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Wednesday, August 11, 2010

Mixed eating

I’ve lived in France so long now I’ve stopped telling those stories about the clash of cultures and what you don’t know might really embarrass you. I guess I don’t really have those stories happening to me any more. A sign of progress? Of acclimatization? It’s a little sad to pass that stage, actually: it made for such great blogfodder.

The same thing is happening to a couple of my friends, though. Let me tell you about it.
Laisheng is a grad student from the countryside in China, just finishing up the year he’s spending in our lab, learning the ropes of how to find mutations in breast cancer genes. In the 10 months so far, he’s learned to speak a little French, and his English has improved tremendously. His table manners too.

Laisheng is excruciatingly polite, but there are blind spots. If you’ve never thought of something as rude, it just isn’t. It’s just normal to bring your plate of food very close to your mouth to eat. Or, if the plate is big like they are at the cafeteria, you just lower your head to it. And it’s just normal to suck your food off the end of your chopsticks/fork/spoon instead of putting the utensil in your mouth. Knives are for the kitchen - if it’s on the table it’s either bite-sized already or meant to be picked up with your fingers.
So you might imagine, if you’re a Western European, how disturbing it could be to sit across from Laisheng at lunchtime. We did deal with this, I hope in a sufficiently tactful way, and now not only does Laisheng eat fairly quietly and sitting upright, but he even differentiates salad from meat & potatos from dessert, rather than mixing them all together.

I had a group over for dinner back in June, and it was his turn to cook for us. A whole new experience in cultural mealtime differences. First off, he brought a friend over to do the cooking, since on his own he doesn’t go much past rice. We’re happy to meet new people, but we thought she’d be sitting down with us and we’d get to know her and all. No, no, she was just there to cook! Her boyfriend was picking her up at 8 sharp, but we didn’t realize that until 8.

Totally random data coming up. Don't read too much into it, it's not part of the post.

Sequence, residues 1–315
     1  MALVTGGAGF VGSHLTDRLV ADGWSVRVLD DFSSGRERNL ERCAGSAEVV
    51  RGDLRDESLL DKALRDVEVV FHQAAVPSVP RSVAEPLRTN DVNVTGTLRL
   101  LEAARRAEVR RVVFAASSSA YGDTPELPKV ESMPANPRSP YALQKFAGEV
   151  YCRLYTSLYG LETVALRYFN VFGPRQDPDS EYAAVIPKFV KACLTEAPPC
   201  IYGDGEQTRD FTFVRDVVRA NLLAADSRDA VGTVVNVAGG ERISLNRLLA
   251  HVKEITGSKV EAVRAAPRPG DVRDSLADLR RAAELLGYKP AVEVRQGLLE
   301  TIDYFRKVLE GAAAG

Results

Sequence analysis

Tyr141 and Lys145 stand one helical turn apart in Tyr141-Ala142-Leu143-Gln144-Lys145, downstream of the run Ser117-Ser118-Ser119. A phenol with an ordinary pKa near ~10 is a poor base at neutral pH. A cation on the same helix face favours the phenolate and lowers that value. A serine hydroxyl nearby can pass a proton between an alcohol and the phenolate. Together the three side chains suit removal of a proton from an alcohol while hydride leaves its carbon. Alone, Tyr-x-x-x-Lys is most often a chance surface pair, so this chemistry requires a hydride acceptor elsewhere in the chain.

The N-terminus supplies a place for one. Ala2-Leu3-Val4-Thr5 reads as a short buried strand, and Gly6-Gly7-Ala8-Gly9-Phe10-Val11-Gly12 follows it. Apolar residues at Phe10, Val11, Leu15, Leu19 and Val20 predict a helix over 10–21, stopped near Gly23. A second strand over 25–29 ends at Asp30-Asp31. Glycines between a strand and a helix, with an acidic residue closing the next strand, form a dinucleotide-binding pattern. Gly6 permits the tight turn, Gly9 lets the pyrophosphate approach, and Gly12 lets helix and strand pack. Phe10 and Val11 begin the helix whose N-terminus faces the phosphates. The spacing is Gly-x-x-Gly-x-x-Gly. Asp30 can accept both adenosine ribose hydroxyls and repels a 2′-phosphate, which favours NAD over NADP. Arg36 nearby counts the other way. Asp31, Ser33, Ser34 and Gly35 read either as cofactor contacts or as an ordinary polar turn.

The Chinese way, you eat the plates as they’re prepared, nice and hot. The French way, nobody dares touch a fork until everybody is seated and served. So there were the first plates, cooling, and we wondering when our chef might come out to the garden and partake with us and possibly be introduced. It took some doing to get her and Laisheng to come out and spend a few minutes with the guests gathered hungrily around the table, explaining that we just don’t feel right eating without them. We compromised on starting the meal together and allowing Jen to go back inside to finish cooking the remaining dished while her beau honked for her in the street. If only I had a bigger kitchen we could have arranged for most everything to be ready at once instead of in stages. If only the couple had just joined us.

Then there was the serving issue. Naturally, we set the dishes out family-style, which we’re not strangers to. Each free to choose how much to eat of what. The Chinese way, you take food off the main dish with the same chopsticks you’re eating with. The French way, there’s a spoon for serving and never shall it touch a diner’s lips. I don’t really mind the Chinese way, because if you are indeed using chopsticks (which we weren’t), you pretty much touch only the morsel you’re taking, leaving the rest untouched. Some of my French guests, however, can’t stomach the idea of eating from a dish somebody else’s fork has been in.
So that was all explained rapidly, and new serving spoons were brought out and everything was fine. More wine all around!

4 comments:

steven said...

wouldn't it be cool if international affairs could be settled so easily and so effectively. oh, and everyone goes home full of tasty food! steven

Jessica Maybury said...

French dining etiquette sounds very much like Irish dining etiquette.

Titus said...

Brilliant story! More wine all round.
I remember the first time I sat down to eat with my Japanese sister-in-law. King Prawns still in their shells. She ate the lot. Same with crab claws.

I always think it's funny the way we're happy to kiss people, but don't like sharing their flatware and cutlery, or their toothbrushes.

NanU said...

well, the french 'hello' kisses are just a brush on the cheek, often no contact at all. certainly no spit, Titus! Spit it for lovers.